Former senator Phil Gramm joins AEI

The American Enterprise Institute has announced that former senator Phil Gramm has joined the think tank as a visiting scholar to work on economic policy.

“Senator Gramm is one of the most innovative policymakers of our time,” said AEI President Arthur Brooks in a statement. “The Washington policy community has great need of his ideas and wisdom. We are thrilled to have him as part of the AEI Economic Policy Studies team.”

According to AEI, Gramm will be working on a comprehensive plan to fix the U.S. economy through reform of the tax code and entitlement programs such as Social Security and Medicare.

Gramm was first elected to the House of Representatives as a Democrat in 1978. After being thrown off the House Budget Committee for supporting the Reagan tax cuts in 1982, he resigned his seat and won the vacancy in a special election as a Republican. In 1984, Gramm was elected to the Senate, defeating Ron Paul, among others.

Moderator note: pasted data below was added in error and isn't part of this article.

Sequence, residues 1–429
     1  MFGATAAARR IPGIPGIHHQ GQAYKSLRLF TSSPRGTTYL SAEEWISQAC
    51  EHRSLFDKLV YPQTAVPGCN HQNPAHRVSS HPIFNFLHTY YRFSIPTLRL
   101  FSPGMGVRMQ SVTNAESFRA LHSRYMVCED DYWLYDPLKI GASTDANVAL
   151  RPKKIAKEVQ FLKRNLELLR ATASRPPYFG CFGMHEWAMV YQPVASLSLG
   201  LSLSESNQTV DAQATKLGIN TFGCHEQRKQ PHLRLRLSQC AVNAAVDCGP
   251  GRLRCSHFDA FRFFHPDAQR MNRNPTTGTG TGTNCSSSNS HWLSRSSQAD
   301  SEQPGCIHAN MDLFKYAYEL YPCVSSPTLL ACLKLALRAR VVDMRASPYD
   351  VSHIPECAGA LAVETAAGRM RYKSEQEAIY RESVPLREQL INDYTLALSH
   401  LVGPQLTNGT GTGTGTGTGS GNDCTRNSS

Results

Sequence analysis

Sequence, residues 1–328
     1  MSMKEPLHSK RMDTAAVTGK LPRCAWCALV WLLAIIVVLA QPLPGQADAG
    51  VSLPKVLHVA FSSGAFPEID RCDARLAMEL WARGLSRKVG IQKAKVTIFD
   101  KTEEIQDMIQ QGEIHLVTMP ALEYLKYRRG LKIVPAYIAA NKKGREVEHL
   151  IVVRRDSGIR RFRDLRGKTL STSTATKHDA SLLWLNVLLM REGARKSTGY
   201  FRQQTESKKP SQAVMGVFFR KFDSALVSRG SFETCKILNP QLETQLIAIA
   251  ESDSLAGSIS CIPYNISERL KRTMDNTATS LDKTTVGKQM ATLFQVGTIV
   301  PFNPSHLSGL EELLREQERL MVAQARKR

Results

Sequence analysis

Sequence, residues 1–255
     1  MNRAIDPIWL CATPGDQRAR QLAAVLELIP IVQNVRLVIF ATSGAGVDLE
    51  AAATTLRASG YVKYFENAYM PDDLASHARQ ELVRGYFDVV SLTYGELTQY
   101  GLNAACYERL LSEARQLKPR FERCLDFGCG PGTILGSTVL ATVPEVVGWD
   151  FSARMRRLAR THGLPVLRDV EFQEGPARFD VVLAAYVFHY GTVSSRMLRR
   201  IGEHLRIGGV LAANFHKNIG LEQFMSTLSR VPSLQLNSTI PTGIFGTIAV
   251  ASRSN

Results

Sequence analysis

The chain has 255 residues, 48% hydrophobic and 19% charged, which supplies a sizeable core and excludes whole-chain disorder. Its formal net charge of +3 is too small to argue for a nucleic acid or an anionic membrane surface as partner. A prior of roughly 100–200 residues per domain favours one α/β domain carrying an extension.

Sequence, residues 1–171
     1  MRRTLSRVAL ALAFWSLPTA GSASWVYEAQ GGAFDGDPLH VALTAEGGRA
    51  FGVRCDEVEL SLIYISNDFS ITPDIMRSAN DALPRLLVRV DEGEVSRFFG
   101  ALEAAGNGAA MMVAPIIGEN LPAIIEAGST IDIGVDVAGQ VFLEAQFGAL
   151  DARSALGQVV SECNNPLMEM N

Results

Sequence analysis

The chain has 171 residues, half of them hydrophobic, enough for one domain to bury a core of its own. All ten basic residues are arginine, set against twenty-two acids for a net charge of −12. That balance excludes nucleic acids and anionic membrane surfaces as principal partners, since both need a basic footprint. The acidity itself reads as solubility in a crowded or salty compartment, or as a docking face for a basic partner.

He served as chairman of the Senate Banking Committee and authored Gramm-Latta Budget Bill, the Gramm-Rudman Balanced Budget and Deficit Control Act and the Gramm-Leach-Bliley Act.

Following his Senate career, Gramm served nine years as the vice president of UBS Investment Bank.

In 2009, Time magazine named Gramm in its list of “25 People to Blame for the Financial Crisis” for his strong support for financial deregulation, his role in repealing of the Depression-era Glass-Steagall Act and inserting a key provision into the 2000 Commodity Futures Modernization Act that exempted over-the-counter derivatives from regulation by the Commodity Futures Trading Commission. 

Allen McDuffee writes about politics and policy and covered think tanks for The Washington Post from 2011 to 2013. He blogs and hosts a podcast at governmentality.net and is currently working on a book about the influence of think tanks in Washington.

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